Woah. George Sheehan is your grand-godfather?

Yeah, I guess so.

Did you ever meet him?

Yeah, I met George, but his son, Tim, he’s like my uncle. So, running was always kind of in the air when I was growing up. We used to vacation with [the Sheehan’s], and my dad and Tim would go running together and come back drenched, and, you know, it was just part of the family... I ran a little bit in high school, but not seriously, and then I started running in 2014, like, taking it more seriously. My wife and I would run together, and then she got pregnant, and the pregnancy was complicated, which was pretty stressful... For part of it, she was staying at Mount Sanai Hospital on the Upper East Side, and we were living in Red Hook. So, I would do the Central Park loop while I was up at the hospital, and then I started doing that and running home to Brooklyn. And I kinda just did it to take my mind off everything that was going on; it just felt like a good meditation to help me deal.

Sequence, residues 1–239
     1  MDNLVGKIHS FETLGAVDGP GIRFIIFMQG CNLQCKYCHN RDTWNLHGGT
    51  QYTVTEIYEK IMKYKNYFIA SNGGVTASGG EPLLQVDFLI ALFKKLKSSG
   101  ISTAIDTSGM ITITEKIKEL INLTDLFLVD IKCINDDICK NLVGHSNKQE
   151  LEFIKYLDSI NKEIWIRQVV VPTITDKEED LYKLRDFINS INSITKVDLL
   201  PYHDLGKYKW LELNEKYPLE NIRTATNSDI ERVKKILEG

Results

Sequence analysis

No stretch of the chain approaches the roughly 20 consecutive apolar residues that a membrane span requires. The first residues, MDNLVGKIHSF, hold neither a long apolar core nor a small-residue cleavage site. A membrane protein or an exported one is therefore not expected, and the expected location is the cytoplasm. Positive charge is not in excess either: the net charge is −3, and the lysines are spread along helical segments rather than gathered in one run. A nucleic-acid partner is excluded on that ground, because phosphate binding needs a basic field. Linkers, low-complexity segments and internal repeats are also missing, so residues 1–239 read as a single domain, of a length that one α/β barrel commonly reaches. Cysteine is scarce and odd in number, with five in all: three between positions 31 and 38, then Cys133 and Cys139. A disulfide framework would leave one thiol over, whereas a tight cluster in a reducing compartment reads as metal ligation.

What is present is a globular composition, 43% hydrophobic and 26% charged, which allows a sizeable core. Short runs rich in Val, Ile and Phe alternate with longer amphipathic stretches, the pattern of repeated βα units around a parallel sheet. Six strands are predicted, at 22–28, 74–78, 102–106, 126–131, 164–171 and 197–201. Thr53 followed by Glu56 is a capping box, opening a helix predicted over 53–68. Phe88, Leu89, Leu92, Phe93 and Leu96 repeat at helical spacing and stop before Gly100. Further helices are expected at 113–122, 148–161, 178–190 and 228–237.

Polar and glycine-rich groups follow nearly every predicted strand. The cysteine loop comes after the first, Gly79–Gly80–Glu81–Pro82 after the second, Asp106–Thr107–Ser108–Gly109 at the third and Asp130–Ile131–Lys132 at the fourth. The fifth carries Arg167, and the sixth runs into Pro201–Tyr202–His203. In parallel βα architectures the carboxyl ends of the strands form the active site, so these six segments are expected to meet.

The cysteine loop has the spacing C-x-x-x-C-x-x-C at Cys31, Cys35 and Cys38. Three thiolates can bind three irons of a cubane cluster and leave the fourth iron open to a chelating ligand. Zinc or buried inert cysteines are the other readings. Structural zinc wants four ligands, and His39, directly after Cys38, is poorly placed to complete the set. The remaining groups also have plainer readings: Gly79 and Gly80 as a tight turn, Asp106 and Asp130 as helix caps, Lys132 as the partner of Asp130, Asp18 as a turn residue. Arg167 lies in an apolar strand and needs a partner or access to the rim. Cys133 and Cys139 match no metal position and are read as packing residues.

And that was eleven and a half miles or something, and I was doing that a couple of times a week, so I was like, ‘Maybe I should run a race, start training for something.’ So, I ran my first official half right before my [twins] were born, and by that time, I was hooked completely. After I ran the half, I was like, ‘Well, if I can run a half, I can run a whole marathon,’ so I started training for that pretty quickly.

Did you find a running crew?

Yeah, I had a friend, and we started training together, and that was an important piece that I hadn’t had before, like, just to be accountable to somebody. And then a little bit later came the community stuff. New York has such a vibrant running community. I started meeting all these people who were super cool and inspiring through running, y’know? 

Yeah. 

I would do those Tuesday night runs with the Orchard Street Runners. Do you know those guys?